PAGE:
Review of California '99
by Mitch Myers, NewCity Chicago
Now where was I? Oh yes, I remember now. I was examining some albums made in the past that were written about the future, which is now.
Today's history lesson is about a little album on the ABC Records label (long since gone -- of course) by Jimmie Haskell called "California '99"
that was prepared during 1971. Haskell was quite a notable arranger in Los Angeles during the sixties but this is the only album that I ever saw
under his own name. A concept album (or rock opera if you prefer), "California '99" told a story (written by Tom Gamache) that was supposed to
begin in 1975 following the fourth wage and price freeze in as many years. After disenfranchising the judicial branch of the government,
financial and political woes force the president to abdicate. In 1980 the "United States declares bankruptcy; all laws are voided and the entire
U.S. is renamed California with higher hopes. All states become countries and all cities become districts." By 1985, insects become the main food
staple of the population and the middle of the country is designated the "Marijuana and Insect Corridor" since all the insects thrive on Cannabis
plants for some reason.
Gamache came close to being prophetic at times but never got things quite right. Within his story line, he predicted that voting at home would
become a reality in 1980 via the visual phone and vote turnout was doubled. Also, the "House Of Non-Representatives" is created by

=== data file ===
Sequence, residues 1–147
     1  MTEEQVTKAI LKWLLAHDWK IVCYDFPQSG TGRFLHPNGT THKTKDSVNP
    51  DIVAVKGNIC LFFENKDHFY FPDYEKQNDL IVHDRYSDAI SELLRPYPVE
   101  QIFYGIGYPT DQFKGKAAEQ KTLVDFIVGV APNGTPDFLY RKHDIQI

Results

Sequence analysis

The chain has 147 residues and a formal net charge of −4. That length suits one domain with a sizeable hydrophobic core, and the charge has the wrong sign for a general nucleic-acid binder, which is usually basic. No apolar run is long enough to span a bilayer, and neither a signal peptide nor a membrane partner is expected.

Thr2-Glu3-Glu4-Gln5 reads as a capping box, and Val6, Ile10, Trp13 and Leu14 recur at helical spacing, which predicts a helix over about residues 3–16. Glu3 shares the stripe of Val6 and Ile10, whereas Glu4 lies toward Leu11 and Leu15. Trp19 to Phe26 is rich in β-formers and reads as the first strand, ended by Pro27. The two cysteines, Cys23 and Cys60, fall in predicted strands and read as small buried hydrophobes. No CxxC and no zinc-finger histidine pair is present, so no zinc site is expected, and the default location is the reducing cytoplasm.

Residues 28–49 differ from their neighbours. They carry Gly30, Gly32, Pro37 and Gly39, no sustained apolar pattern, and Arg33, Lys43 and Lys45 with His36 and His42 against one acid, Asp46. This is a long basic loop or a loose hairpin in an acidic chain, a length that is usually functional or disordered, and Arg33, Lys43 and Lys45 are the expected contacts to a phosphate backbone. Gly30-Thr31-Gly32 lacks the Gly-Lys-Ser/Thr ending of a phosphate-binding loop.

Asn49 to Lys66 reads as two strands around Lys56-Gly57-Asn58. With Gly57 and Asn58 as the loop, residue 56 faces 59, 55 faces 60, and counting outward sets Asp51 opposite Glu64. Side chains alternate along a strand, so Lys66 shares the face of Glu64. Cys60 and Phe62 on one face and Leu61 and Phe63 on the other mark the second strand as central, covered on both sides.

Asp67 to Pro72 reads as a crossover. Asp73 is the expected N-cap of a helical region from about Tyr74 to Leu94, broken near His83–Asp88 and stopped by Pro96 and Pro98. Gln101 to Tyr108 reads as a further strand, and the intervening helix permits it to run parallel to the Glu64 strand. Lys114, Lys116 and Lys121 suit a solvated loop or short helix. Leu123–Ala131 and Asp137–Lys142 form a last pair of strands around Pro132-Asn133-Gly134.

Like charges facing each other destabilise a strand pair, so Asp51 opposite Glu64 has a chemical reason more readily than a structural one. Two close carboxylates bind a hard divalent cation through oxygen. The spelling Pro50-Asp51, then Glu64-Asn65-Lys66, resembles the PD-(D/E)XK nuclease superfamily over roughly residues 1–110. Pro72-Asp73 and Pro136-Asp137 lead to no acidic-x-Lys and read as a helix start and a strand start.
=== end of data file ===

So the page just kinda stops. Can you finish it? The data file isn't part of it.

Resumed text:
California's government with the purpose not to legislate, but intimidate. If this all sounds a little convoluted, it is. You have to remember there
was some pretty powerful weed going around in California in 1971 and my bet is that Haskell and Gamache were high as kites when they made
this record. There is plenty of Big Brother innuendo and numerous cheapo pix of faux-future interactions. The whole album package unfolds into
a huge, full-color map of the "reconstituted" United States. It's wild, but let's not forget about the music inside this unusual package.
"California '99" featured lots of guest singers including blues great Jimmy Weatherspoon, Joe Walsh (fresh from the James Gang and later of The
Eagles), Denny Doherty of Mamas and the Papas fame, a group called Big Wanda and the Wombats and supersoul singers of the day, Merry
Clayton and Clydie King. The record was produced by Bill Syzmczyk worked with talented folks like B.B. King, Pharoah Sanders, The Eagles,
John Lee Hooker, J. Geils Band, The Who, Santana, Elvin Bishop and Bob Seeger.
While Mr. Haskell was an undeniably brilliant arranger-conductor, he was not quite the songwriter that this album required. Instead of
contributing an entire album's worth of sub-par material, Haskell mixed his own compositions with Robbie Robertson's "The Night They Drove
Old Dixie Down," which was performed passionately by Jimmy Witherspoon. What this song has to do with the future shock of
America/California is beyond me, but there's certainly some kind of social-political message involved so let's just leave it at that. Joe Walsh's
cameos on songs like "Jessica Stone" and "California Fairy Tale" are only moderately inspired but make the musical aspect of this package a bit
more interesting. In terms of the rock opera syndrome, Haskell also borrows Pete Townsend's "Underture" from 'Tommy' to close out this unusual
All in all, "California '99" is a product of its time and place. Somebody had an idea; someone else had the money, a few people agreed to
contribute and presto! An expensive looking album came out and was promptly forgotten. Hold on a minute, this could have happened in today's
market just as easily. Hmm, I wonder how much I could sell this puppy for on the Internet.